I do not own a farm. However I do own a horse (for my daughter) so I have spent a lot of times at farms. Owning a farm is a lifestyle choice. Even if you don't own horses all that land is going to require upkeep. The barn will need to be painted, fences will need to be maintained, the pond drain will clog, etc.

If you want to deal with all that go for it.
posted by COD at 8:19 PM on November 16, 2013

Going straight to your bonus question: It sounds lovely and romantic and wonderful. But it also sounds impractical for your current life. It needs major renovation, and you are not handy, nor do you have the spare time to learn to be handy. Would you buy this house if it wasn't on the beautiful land?

If one of you were not working, and home most of the time, I would jump in and give it all a chance, but it sounds idealistic to me.

The stables and farm-land sound like something you want your life to be. Is there a possibility of staying home and managing everything that goes with that?
posted by hydra77 at 8:21 PM on November 16, 2013

Best answer: Bonus question: am I a fool to consider buying a 1970s era home that needs major renovation on the inside? We need to inhabit this in about 8 months time and we work a lot currently so we don't have tons of time to devote to overseeing contractors etc.

Look, a flag of red color! For comparative purposes, I considered purchasing a very similar home in 2010 [amazing storage space and rooms with "potential," but the darned thing hadn't been renovated in decades], and elected to pass. AFAIK, the folks who bought it spent at least a year on it, and still appear to be doing more work. If you can't stare at the contractors, and really only have five months to get the renovations done (assuming a normal escrow period of three months), then this is probably not a great plan.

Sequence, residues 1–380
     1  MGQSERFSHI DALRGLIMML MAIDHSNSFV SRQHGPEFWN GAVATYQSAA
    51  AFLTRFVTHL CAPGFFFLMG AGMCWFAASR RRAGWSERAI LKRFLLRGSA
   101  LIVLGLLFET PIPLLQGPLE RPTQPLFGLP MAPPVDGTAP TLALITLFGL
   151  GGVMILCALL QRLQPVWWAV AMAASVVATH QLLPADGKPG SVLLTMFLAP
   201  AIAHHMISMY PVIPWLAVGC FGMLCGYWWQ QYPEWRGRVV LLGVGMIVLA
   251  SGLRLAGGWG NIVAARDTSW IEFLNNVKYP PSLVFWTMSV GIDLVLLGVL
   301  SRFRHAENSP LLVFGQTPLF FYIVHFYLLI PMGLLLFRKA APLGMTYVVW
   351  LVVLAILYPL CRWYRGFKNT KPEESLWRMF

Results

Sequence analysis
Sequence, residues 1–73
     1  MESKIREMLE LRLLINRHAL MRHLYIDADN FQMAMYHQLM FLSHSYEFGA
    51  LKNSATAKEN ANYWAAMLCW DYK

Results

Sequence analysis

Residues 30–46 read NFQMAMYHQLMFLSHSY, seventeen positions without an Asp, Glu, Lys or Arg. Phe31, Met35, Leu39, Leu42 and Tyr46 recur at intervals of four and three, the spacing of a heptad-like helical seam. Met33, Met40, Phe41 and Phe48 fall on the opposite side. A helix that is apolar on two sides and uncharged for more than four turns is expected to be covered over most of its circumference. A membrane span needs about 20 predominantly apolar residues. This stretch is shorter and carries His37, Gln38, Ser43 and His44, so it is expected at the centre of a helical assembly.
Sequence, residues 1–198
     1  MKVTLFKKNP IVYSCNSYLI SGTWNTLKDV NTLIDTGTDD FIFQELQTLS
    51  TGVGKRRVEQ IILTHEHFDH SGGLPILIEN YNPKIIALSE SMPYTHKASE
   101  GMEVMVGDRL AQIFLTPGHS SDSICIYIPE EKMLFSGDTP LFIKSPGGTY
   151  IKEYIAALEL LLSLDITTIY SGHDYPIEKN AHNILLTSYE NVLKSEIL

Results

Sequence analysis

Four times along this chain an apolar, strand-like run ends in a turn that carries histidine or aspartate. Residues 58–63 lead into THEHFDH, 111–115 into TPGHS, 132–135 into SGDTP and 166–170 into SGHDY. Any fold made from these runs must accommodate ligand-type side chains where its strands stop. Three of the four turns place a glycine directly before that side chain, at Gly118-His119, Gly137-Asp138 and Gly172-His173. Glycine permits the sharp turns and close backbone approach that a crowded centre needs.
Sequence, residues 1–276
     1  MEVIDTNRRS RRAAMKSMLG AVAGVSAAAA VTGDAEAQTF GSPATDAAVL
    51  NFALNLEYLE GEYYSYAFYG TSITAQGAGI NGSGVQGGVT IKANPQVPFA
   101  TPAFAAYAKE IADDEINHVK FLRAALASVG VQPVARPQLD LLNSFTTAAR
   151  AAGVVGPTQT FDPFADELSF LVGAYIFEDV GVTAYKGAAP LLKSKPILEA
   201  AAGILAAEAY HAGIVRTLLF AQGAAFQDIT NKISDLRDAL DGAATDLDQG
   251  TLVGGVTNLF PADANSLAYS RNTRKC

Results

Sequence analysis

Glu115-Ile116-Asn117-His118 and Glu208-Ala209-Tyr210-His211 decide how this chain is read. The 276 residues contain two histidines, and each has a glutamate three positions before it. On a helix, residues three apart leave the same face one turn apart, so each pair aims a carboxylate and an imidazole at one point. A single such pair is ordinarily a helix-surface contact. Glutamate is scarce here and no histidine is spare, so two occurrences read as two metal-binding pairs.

Oil heat? Holy heating bills, Batman. In my neck of the woods, oil heat is at least double the price of gas.

It sounds like you can expect people to be using your yard as a shortcut.

Pond: how does the pond affect the surrounding ground space? Does the soil liquefy during wet seasons?

The obvious issue with renting out the stable, especially if you provide no services, is that you're going to have people roaming your property in the wee hours of the morning. You'll need additional insurance. When was the barn last used? (Depending on construction, those structures can fall apart remarkably fast.)

Who is going to maintain the acreage? Even the wooded areas will need care.
posted by thomas j wise at 8:22 PM on November 16, 2013 [2 favorites]

Other people have covered the renovation much better than I could have. Except I'll add that there is nothing exciting about renovating a home to you. The words you use to describe it are only about inconvenience, inexperience, and time constraints (which would likely lead to overpaying). Lots of people consider living in a property for at least a few months, longer is better, to be ideal when making major renovations. You need to fundamentally understand why the flow of the home doesn't work before you seek to improve it. If you have that kind of time to live with the house and make careful notes during the process, then a cosmetic/convenience remodel can be great.